I’m breaking the mold a bit (if I’ve written enough of these to have a mold; maybe just a slight impression) on my Stories I Love series. Usually these are recommendations for mystery shows long past that you may have missed and are my perennial favorites. This time I’ve chosen a show that is (gasp!) still being broadcast, that I haven’t finished and could possibly go south on me before the end of the first season. Why? Because it’s really good, and I wanted to share just in case, for once, I’m not the last person on the planet to discover an excellent show.
This means I’m still fumbling my way through, with half-formed opinions and impressions, rather than having memorized my favorite scenes, so bear with me. It’s a BBC show called Big Cathedral. No, wait, that’s Broadchurch. (I’m poking a bit of fun at my husband, who was trying to remember the name of the show before his coffee kicked in. His version had a street in it.)
It seems that a lot of current shows, some of them very good, aspire for visceral reality through their depiction of murder. It’s almost as if the viewer is supposed to experience the victims’ physical pain by proxy, watching the pain being inflicted upon them in graphic detail. The first episode of Broadchurch is intense, but not because of graphic violence. Instead, you experience, in an honest and unsentimental way, what is usually a token shot or two out of an episode: the family’s grief.
Thankfully, the later episodes pull back a bit. I wouldn’t want to watch something that sustained that level of emotional intensity past the first episode. But when a good portion of the first episode is devoted to the child’s mother slowly, step-by-step, getting closer to the truth, and you never get a full shot of the murdered child’s body, you know you’re watching something different.
Broadchurch does feature a big, beautiful church, but the show is actually named for the (fictional) coastal English town where it takes place. It’s one of those series that follows the investigation of a single murder for an entire season, in this case an 11-year-old boy. (No idea what the second season covers; since I’m only halfway into the 8-episode first season, I’m avoiding spoilers like Ebola.)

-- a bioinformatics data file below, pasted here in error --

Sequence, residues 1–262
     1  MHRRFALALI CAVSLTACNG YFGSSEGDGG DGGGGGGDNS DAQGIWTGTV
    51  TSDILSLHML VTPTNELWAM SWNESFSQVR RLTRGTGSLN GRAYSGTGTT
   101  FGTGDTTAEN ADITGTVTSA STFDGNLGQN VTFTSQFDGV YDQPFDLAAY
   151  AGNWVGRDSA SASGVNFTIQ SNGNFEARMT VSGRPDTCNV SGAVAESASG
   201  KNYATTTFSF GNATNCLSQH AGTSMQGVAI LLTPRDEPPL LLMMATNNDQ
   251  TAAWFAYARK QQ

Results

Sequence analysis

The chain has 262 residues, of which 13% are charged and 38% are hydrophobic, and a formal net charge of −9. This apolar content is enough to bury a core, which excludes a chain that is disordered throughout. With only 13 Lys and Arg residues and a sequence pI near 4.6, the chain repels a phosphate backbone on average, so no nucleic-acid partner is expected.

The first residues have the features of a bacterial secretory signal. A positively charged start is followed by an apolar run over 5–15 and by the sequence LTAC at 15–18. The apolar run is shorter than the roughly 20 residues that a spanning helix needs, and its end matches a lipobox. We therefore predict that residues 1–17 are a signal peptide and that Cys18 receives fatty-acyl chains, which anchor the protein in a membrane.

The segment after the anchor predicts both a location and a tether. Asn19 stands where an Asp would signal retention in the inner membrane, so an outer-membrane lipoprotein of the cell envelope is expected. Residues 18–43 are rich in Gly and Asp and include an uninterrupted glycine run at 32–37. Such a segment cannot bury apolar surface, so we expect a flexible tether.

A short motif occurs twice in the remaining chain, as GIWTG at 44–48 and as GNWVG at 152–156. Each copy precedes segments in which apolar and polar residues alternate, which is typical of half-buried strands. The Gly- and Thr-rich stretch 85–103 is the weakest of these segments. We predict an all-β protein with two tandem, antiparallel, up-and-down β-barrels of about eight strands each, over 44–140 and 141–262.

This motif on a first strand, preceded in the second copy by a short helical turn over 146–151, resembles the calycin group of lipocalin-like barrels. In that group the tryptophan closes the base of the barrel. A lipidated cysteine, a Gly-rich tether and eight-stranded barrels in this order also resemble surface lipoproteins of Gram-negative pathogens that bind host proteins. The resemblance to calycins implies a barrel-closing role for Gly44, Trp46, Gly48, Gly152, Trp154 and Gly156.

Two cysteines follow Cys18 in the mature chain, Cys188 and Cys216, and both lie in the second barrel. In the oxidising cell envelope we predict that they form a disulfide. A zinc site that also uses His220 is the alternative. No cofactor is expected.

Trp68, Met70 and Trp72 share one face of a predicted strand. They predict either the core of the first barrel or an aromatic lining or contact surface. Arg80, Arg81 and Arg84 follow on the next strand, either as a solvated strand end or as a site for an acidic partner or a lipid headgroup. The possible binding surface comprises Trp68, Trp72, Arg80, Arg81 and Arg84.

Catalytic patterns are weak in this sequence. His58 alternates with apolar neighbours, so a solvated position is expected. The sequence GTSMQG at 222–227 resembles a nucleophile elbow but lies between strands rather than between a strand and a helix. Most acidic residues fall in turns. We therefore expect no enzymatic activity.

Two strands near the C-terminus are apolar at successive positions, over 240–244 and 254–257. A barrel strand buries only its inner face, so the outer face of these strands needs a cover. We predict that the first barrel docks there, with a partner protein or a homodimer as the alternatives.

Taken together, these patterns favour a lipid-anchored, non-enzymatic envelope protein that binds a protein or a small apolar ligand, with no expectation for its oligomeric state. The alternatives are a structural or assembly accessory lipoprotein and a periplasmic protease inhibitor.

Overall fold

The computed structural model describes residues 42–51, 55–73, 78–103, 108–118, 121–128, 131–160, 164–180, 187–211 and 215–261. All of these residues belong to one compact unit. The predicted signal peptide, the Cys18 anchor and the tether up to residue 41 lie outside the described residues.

The cinematography is amazing, and you’re immediately immersed in the small town, traveling through in It’s a Wonderful Life fashion, with people greeting each other as the day begins. (The accents may require some acclimation for colonials; I know my ears stumbled a bit).
I was also reminded of Twin Peaks, if someone other than David Lynch had made it. How, you ask, would Twin Peaks look if someone other than David Lynch had made it? First, leave out all the eccentric characters (there is no Driftwood Lady). In Broadchurch, there is that same sense of a small town with secrets, but all of the residents seem reasonably normal on the surface. As with Twin Peaks, the earliest divulged secrets are garden-variety hidden affairs and drugs. But you’re pretty sure some of the secrets aren’t so simple, and you get just a glimpse of them before the camera turns away. For example, why does a plumber need a crossbow in his van? What secrets would prompt an 11-year-old to delete his computer files and texts? And unlike Twin Peaks, the Broadchurch characters still look like normal people after that glimpse, as if they’re trying to maintain their secrets from the viewers instead of sharing their weirdness with the camera. [Note a Twin Peaks-esque image that keeps bugging me: what the hell are they doing in that glowing white crime scene tent on the beach for that long–counting sand grains?]
Even things that we’ve seen before (and sometimes many times before) feel fresh. Detective Inspector Alec Hardy is one example. (I am not a Dr. Who fan, blasphemous as that may sound, but I did recognize Tennant.) Here you have the obligatory haunted officer, trying to atone for his mistakes in a previous case. He’s also an outsider who hates the town, and just all-around a bit of an ass. (My husband compared him to Joel Fleishman in Northern Exposure.) But then he breaks the rules by not drinking himself to death, and he even has a therapist. He and junior officer Ellie Miller, a Broadchurch local and an open, caring person he nonetheless manages to piss off (he took her promotion; and did I mention he’s a bit of an ass?) make a truly odd couple, and I’m enjoying watching their relationship develop.
So, to recap, I’m really enjoying a character-driven mystery with a strong sense of place. Gee, that’s a shocker. Feel free to let me know if you’re a fan, but woe to the purveyor of spoilers. I swear, I will send my Ninja Kitty to wake you at 3 a.m. every morning until someone else commits a more heinous offense (and it’s hard to offend worse than spreading spoilers). Believe me, he can do it. After all, he’s a Ninja.
UPDATE (10/06/14): You’re all safe now from Ninja. We binge-watched the second half of the season last night. It gets less Twin Peaksy and more Police Procedurally as the season continues, but it is still well worth watching.